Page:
The resolution revolution is here. Scientists from renowned research centers have achieved important advances in the structural biology sector by reaching atomic resolution.
Last 21 October 2020, Radu Aricescu’s and Sjors Scheres’ groups, from MRC Laboratory of Molecular Biology in Cambridge (UK), were able to resolve individual protein atoms for the first time in a three-dimensional cryo-EM image. In collaboration with scientists at Thermo Fisher Scientific and elsewhere, they obtained a structure of 1.7 Å resolution of a form of the receptor γ-aminobutyric acid type-A (GABAA) that was designed to be more stable than the common form found in humans.
At the same time, investigators from MPI for Biophysical Chemistry in Göttingen (Germany) took advantage of technological improvements to determine the structures of a stable iron-storing protein called ferritin to a resolution of approximately 1.2 Å. The method used has been single-particle cryo-EM, which enables the location of individual atoms within a protein.
In recent years, Scientifics have reached high levels of detail in their analysis of protein structures due to electron cryo-microscopy (cryo-EM) techniques. But now, they have broken the atomic resolution barrier, reporting the sharpest images yet obtained.
These developments have been both published in Nature. They will help researchers gain a better understanding of how proteins work in health and disease. “This is just amazing,” says Melanie Ohi, a cryo-EM expert at the University of Michigan.
Sjors Scheres, the leader of Cambridge group, says that atomic resolution their 1.2-ångström structure was so complete that they could pick out individual hydrogen atoms, both in the protein and in surrounding water molecules.
Another cryo-EM specialist at the University of Tokyo, Radostin Danev, has also expressed his opinion: “Everyone is very excited and amazed by the truly astounding level of performance demonstrated by the MRC-LMB and Max Planck groups”.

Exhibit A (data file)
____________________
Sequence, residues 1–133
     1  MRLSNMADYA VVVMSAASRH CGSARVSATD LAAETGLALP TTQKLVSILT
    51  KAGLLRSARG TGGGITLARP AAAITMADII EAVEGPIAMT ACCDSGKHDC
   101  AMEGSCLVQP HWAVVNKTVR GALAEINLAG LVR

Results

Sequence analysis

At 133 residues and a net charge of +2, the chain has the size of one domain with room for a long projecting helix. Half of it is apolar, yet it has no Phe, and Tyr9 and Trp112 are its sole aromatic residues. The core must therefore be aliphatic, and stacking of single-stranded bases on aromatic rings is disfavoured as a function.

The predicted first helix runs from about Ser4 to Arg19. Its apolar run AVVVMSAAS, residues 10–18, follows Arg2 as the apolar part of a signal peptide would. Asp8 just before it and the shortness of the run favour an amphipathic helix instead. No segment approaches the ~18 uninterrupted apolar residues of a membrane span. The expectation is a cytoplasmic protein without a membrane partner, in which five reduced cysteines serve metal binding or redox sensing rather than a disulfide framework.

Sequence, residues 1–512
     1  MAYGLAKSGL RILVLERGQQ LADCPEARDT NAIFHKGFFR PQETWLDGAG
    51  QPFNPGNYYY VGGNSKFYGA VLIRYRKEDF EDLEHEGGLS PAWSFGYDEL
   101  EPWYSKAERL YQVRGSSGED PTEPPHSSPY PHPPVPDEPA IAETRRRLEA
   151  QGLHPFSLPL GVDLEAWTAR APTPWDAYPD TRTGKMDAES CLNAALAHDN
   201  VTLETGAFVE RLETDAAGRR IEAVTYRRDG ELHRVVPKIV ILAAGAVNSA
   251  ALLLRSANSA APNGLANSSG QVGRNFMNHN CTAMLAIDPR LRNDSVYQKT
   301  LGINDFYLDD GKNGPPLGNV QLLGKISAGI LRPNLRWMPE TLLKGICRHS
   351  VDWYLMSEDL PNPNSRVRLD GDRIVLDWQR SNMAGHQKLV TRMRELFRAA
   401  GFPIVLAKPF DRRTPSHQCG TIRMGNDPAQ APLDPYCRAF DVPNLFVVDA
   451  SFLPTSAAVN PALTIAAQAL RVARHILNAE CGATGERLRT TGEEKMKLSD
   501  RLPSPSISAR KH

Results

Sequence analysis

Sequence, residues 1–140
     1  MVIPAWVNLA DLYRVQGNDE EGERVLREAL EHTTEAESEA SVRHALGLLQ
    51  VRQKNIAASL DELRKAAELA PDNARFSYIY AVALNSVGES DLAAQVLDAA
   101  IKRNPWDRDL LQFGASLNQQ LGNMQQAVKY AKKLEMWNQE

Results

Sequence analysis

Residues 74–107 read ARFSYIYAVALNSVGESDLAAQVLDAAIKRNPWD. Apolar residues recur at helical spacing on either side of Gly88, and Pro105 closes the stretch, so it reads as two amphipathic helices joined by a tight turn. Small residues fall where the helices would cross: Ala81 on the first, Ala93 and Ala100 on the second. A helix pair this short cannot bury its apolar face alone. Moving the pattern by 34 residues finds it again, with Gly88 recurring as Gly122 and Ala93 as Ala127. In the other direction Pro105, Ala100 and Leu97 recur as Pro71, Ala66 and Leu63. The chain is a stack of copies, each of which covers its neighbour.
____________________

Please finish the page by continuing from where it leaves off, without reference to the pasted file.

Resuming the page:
What is Cryo EM?
Cryo EM is a technique that determines the shape of flash-frozen samples by firing electrons at them and recording the resulting images. Cryo-EM has been around for decades. But since 2013 it is becoming an essential tool for investigating the structures of proteins and other biomolecules.
Indeed, three cryo-EM pioneers, —Joachim Frank of Columbia University (USA), Jacques Dubochet of the University of Lausanne (Switzerland) and Richard Henderson of the MRC Laboratory of Molecular Biology (UK)— were awarded the 2017 Nobel Prize in Chemistry for their work.
Nuclear magnetic resonance (NMR) spectroscopy, X-ray crystallography and cryo-electron microscopy (cryo-EM) are the three main structural-biology techniques in use nowadays.
Computational needs in Cryo EM
CryoEM technique needs computing power based on GPU Workstation or Server. In addition, this technique demands a lot of space to deal with data. The receptor γ-aminobutyric acid type-A (GABAA) project has used about 100 TB disk space data.
Popular gaming graphic cards (GPU) has been used as a core computing power in the last few years. They are much more faster than classical CPUs alone.
Finally, software is a key piece in the global Cryo-EM process. On November 18th Scipion 3.0 has been released establishing a new standard. Scipion is an image processing framework to obtain 3D models of macromolecular complexes. Under this framework you can use Relion 3.1, GCTF, Motioncorr, Chimera, Cryolo and other software packages.